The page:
Fernando Correia’s Weblog

August 23, 2008

Example of RIA in the cloud

Filed under: Software Development — Fernando Correia @ 12:34 pm
Tags: , , , , ,

When I decided to learn and get some first-hand experience about Rich Internet Applications (RIA) and distributed application hosting (cloud computing), I chose to do it using Flex and the Google App Engine. Flex is a mature tool that has a plethora of rich interface capabilities and is very good to connect to services on the Web. And the App Engine is a very intriguing proposition where you use Google’s infrastructure to run your application.

To share my experience and get some feedback I started a project called “Flex and Python Test”. Now this project is finished and released. The application is a very simple project portfolio that can keep a list of projects and participants. The data is kept on the client for fast response, and the modifications are sent to the server for persistence. This is what the application looks like:

The source code for this application is available on github. If you want to understand it, download it and browse the code. To help, I will explain a bit about the design.

This is the general architecture:

The client is a Flex application running in a browser. Flex allows us to have a rich interface without dealing with incompatibilities between browser implementations. The server is a Python application running in Google App Engine. The client send requests through HTTP using the AMF encoding format. This is a binary format that is very efficient for Flex applications. The server processes the requests and sends responses also encoded in AMF. The server exposes its interface in the Remote Procedure Call (RPC) pattern.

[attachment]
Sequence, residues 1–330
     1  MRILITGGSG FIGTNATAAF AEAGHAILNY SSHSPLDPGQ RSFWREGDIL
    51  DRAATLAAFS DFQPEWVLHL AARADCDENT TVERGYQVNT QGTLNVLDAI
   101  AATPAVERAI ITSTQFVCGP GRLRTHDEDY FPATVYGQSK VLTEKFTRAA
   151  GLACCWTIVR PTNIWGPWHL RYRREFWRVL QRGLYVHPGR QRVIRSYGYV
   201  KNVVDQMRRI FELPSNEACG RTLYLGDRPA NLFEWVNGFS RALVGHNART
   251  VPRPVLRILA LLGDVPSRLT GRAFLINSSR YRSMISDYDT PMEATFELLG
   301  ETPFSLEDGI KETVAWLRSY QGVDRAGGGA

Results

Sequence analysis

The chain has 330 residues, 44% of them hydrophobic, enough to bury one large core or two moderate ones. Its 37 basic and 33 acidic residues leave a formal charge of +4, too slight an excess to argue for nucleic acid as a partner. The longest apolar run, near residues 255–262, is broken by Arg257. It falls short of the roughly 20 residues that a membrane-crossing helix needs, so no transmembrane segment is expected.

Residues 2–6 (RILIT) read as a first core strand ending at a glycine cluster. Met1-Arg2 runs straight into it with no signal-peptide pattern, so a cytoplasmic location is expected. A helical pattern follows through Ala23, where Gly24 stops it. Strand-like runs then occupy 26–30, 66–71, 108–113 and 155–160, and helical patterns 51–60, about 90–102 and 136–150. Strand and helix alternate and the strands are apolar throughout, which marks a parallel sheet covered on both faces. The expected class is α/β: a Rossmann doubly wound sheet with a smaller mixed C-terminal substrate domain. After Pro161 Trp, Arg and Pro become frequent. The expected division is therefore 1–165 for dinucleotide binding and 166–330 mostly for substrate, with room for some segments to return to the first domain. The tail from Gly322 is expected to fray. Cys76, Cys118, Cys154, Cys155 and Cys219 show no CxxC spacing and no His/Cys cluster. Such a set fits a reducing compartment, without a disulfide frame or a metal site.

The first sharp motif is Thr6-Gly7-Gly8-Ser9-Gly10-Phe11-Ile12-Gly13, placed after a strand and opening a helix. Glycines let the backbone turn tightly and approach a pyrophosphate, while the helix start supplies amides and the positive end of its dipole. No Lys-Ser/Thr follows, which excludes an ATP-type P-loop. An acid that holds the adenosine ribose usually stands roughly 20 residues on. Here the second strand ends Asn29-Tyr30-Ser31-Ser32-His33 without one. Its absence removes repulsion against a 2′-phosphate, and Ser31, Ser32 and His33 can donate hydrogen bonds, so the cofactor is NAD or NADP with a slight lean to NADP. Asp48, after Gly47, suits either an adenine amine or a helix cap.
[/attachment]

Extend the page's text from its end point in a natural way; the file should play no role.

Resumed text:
If you download the source, take a look at README.txt. It explains how to run and deploy the application. There are three directories: flex-client contains the Flex application that will run in the browser. python-client contains an alternate client in Python that you can run in your computer to initialize data, test the service and learn the API. server contains the Python service that is deployed to Google App Engine.

To build the Flex client I decided to use a Model-View-Controller (MVC) framework. A sound structure helps when you want to build larger applications. After experimenting with Cairngorm, I went for PureMVC. If I would make another iteration I might now try Mate.

With PureMVC, this is the overall architecture of my client application: